2021 年 99 巻 p. 59-78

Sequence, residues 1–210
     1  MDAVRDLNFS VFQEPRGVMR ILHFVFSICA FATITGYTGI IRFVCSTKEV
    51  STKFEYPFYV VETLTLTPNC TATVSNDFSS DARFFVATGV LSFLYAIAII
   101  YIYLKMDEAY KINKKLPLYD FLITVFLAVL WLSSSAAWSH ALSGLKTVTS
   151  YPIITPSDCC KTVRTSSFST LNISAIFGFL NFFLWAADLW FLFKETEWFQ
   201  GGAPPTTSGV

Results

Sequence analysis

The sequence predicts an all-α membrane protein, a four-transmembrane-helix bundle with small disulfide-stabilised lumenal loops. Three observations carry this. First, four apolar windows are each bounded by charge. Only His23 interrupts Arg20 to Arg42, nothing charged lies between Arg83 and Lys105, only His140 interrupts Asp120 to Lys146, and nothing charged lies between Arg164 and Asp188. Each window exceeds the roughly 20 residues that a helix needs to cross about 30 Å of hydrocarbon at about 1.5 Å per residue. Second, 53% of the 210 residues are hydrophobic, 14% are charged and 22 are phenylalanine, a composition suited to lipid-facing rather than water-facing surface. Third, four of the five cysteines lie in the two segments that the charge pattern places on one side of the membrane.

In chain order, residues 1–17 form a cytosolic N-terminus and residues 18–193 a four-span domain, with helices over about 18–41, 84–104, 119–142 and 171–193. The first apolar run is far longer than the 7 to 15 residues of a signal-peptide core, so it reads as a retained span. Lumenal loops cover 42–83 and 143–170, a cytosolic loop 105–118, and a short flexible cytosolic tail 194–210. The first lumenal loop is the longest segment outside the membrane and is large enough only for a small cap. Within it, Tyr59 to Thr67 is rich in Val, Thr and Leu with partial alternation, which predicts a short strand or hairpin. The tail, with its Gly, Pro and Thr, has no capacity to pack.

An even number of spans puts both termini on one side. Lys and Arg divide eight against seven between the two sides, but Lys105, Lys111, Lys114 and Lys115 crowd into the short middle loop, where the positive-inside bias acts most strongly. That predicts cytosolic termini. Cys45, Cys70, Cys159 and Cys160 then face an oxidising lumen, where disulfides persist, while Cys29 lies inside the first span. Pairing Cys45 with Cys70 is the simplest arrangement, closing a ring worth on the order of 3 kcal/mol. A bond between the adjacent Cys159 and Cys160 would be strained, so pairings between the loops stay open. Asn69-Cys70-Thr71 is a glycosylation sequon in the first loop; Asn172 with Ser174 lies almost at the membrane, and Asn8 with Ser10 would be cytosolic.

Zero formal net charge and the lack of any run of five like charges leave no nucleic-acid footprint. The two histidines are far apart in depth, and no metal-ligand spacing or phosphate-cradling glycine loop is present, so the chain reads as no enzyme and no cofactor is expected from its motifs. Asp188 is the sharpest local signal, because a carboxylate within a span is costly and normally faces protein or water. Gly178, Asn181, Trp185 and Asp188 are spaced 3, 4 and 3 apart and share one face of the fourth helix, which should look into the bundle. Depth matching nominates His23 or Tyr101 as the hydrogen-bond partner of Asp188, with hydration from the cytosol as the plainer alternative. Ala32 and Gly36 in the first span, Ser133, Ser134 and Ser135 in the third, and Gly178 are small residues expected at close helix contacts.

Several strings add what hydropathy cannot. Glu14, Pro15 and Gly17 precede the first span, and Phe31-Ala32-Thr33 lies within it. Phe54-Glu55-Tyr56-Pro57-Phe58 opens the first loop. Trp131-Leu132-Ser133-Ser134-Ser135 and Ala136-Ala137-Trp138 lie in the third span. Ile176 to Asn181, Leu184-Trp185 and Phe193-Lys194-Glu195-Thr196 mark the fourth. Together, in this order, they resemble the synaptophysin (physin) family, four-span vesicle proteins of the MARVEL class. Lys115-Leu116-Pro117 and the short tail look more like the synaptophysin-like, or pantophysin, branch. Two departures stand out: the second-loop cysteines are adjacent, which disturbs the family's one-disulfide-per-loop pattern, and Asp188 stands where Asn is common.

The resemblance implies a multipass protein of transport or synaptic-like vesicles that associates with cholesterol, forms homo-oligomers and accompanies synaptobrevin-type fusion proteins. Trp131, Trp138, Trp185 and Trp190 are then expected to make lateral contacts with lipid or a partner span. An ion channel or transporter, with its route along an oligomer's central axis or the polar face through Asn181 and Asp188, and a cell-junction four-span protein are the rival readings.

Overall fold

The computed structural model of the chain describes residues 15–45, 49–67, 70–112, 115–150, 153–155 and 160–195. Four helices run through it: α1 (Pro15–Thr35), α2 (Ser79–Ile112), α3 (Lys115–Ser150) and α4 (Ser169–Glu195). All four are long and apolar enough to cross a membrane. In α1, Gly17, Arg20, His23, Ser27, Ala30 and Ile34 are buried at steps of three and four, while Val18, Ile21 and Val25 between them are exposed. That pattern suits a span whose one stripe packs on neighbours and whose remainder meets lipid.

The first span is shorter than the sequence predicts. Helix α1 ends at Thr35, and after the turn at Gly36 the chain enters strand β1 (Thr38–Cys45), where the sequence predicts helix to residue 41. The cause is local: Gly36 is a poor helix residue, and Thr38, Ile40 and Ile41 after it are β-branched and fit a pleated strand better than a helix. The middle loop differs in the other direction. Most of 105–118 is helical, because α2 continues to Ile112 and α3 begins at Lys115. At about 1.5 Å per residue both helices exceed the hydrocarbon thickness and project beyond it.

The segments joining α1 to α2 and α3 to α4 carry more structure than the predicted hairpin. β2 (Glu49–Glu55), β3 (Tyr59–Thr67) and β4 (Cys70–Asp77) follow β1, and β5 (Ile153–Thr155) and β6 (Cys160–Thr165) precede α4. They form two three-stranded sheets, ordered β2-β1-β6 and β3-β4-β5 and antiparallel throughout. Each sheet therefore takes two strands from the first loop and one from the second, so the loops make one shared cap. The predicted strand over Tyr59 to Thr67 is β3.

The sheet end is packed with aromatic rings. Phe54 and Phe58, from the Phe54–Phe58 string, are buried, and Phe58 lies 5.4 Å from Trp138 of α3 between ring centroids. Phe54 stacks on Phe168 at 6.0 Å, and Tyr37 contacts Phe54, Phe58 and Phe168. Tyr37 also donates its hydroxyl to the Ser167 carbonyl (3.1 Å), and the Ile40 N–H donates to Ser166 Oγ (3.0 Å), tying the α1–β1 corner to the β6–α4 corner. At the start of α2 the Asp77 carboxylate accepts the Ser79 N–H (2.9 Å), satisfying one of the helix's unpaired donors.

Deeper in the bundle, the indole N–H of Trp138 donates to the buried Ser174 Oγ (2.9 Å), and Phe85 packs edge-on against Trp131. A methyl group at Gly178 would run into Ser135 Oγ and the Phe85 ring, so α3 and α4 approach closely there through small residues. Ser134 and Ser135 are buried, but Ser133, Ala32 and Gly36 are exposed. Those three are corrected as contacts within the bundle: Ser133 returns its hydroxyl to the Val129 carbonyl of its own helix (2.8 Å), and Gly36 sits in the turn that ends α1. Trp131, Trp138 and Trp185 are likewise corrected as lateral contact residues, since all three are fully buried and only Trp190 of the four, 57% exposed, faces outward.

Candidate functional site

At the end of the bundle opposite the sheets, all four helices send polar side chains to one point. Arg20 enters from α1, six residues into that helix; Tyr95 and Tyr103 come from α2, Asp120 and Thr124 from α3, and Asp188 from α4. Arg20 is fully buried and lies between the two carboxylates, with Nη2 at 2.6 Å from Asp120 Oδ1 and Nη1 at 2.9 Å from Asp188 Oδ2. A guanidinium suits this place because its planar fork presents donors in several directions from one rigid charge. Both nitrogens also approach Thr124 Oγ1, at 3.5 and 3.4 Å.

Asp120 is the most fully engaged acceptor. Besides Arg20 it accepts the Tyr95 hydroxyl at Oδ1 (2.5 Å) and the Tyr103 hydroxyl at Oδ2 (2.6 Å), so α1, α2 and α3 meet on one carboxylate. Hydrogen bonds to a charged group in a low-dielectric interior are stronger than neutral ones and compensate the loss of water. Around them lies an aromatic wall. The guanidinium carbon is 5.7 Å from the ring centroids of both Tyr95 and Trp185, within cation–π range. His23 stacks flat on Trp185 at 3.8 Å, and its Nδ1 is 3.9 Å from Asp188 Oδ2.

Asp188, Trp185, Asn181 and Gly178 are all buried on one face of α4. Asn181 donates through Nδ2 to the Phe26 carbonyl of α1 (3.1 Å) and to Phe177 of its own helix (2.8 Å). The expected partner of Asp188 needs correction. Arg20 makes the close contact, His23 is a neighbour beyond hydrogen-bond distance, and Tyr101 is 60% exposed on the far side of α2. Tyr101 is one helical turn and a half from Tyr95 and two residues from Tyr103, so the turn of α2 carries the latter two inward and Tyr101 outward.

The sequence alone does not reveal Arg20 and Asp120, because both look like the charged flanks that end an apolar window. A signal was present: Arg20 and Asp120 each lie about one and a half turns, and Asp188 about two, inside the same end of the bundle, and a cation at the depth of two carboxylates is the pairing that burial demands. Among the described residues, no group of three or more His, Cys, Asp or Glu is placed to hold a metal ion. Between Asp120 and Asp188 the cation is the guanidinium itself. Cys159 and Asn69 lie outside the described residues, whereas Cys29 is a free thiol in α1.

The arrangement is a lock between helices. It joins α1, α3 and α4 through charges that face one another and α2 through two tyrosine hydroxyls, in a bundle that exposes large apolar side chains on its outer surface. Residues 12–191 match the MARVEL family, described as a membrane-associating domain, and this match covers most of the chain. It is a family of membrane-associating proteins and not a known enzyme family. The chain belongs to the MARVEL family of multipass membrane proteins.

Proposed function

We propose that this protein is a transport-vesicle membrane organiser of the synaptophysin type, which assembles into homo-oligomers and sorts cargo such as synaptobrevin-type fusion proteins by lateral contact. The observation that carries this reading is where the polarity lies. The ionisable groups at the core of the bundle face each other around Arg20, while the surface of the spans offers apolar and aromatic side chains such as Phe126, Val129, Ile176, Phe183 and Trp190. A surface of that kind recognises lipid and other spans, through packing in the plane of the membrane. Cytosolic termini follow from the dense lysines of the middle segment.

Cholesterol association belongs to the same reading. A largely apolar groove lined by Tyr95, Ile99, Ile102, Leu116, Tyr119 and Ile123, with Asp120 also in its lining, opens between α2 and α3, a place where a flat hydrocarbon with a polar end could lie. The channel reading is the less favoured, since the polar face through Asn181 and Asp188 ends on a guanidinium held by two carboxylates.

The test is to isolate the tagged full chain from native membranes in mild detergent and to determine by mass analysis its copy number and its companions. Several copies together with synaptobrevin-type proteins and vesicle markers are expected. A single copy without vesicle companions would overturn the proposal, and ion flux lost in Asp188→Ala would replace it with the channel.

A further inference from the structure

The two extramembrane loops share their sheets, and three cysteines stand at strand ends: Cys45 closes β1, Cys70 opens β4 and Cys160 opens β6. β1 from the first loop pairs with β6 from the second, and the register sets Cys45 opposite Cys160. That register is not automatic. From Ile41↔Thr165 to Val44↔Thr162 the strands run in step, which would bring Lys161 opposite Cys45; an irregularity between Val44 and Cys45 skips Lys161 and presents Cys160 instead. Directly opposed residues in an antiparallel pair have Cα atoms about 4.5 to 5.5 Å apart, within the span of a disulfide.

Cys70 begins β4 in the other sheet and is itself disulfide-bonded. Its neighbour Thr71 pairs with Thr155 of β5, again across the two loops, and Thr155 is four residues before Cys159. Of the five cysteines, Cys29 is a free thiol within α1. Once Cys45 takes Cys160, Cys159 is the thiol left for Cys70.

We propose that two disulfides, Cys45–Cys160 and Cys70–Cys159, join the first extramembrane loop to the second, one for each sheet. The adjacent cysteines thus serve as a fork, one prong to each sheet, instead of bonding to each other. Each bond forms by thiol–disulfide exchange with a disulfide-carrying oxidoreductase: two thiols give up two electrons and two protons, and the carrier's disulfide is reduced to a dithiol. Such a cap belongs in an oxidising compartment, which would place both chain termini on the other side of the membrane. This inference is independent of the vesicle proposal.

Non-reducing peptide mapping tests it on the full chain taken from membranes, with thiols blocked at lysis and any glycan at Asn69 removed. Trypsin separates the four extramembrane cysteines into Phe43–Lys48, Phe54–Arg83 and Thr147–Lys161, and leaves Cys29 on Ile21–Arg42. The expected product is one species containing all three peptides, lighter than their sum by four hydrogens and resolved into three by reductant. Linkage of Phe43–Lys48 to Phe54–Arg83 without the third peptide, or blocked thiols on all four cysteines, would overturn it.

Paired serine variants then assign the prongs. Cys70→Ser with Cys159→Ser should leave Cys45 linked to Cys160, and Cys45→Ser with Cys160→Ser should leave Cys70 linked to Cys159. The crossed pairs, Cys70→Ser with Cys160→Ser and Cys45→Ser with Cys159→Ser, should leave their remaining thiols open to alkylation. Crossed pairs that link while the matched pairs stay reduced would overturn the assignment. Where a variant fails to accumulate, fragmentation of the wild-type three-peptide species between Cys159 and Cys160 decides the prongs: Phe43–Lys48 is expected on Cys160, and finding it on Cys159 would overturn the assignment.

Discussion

This study aimed to identify the types of nationalists who will participate in political activities on the Internet. Since the 2000s, people who use the Internet to make xenophobic claims, such as the “Nettouyoku” and “Zaitokukai,” have been singled out. However, quantitative studies have not examined what type of nationalists makes people engage in political activities on the Internet in contemporary Japan. This study examined the types of nationalism and morality/emotion as psychological incentives for political activities on the Internet by focusing on three areas. First, based on the arguments of Opp (2009), Snow et al. (1986), and Higuchi (2014), it is predicted that the more one has xenophobic nationalism, the more likely one will engage in protest activities on the Internet. Second, from several existing theories, it is predicted that the more one is morally and emotionally dissatisfied, the more likely one is to engage in political activities on the Internet. Third, interaction effects between nationalism and morality/emotion is predicted. The hypotheses were tested through a quantitative analysis using web survey data and a hurdle model. The results suggested that people with the most xenophobic type of nationalism and a strong sense of justice were more likely to engage in political activities on the Internet. The results suggested that “Nettouyoku” engages in political activities on the Internet due to a sense of justice rather than dissatisfaction.